[TriEmbed] A little help

Kevin McClaning mcckevin at mcclaning.com
Wed Jul 29 11:03:28 CDT 2020

I use Brian's method all the time when driving LEDs or electromagnets. 
The current limit feature on most power supplies is often overlooked, 
but very useful.


On 7/29/20 10:05 AM, Brian via TriEmbed wrote:
> Some tips and educated guesses:
> This would be a great job for an adjustable benchtop power supply.  
> Set the current limit to something relatively small, say, 100 mA, and 
> start bringing up the voltage until the current limit is hit.  Many 
> high-power LEDs like to run at 750 mA, so 100 mA won't be nearly 
> enough power dissipation to worry about overheating them just in the 
> process of finding out the voltage and polarity.  You should find a 
> point where current starts increasing rapidly with small increases in 
> voltage, and that'll get you in the ballpark.  Then you can set your 
> current limit to 750 mA and turn the voltage all the way up; whatever 
> voltage ends up across the LED at 750 mA is the rated voltage.  As 
> others have said, do NOT run these at full power for more than an 
> instant without proper heat sinking.
> Note that LEDs, being diodes, won't conduct at all until the potential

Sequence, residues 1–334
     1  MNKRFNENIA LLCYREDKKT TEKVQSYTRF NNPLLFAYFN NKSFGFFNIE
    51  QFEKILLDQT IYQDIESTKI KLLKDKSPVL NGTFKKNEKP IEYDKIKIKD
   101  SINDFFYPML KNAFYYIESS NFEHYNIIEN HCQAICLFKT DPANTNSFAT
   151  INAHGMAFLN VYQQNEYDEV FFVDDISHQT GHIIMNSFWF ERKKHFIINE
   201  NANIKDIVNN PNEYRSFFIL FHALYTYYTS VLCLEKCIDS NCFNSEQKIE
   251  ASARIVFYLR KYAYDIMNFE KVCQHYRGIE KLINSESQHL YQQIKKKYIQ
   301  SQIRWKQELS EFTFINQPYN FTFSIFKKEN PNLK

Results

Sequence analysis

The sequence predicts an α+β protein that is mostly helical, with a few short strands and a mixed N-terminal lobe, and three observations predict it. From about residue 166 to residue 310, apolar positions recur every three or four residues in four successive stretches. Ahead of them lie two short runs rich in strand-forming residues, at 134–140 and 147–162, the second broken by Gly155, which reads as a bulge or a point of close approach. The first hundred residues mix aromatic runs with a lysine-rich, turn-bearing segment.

> across them exceeds the junction voltage, and that these modules are 
> often individual chips wired in series.  If you see 9 chips in there, 
> my guess is that the operational voltage is probably somewhere around 
> 12 V (1.something volts for each junction, which is very reasonable).
> If you wanted to take a 12-V power supply and just quickly tap the 
> leads one way and then the other, you probably wouldn't toast the 
> module (but you do have more than one, right? ;-) ).  You could still 
> put a few hundred ohms in series as ballast if you wanted to be careful.
> Finally, the "tray" that the silicon sits in is always the cathode, 
> but it looks like you might not be able to see through the cover.  It 
> might be a reasonable guess to assume the chassis is the cathode (one 
> lead would be clearly isolated from the rest of the chassis, while the 
> other is not).
> I take it there are no identifying markings on the device at all? No 
> numbers, codes, anything?
> HTH,
> -B
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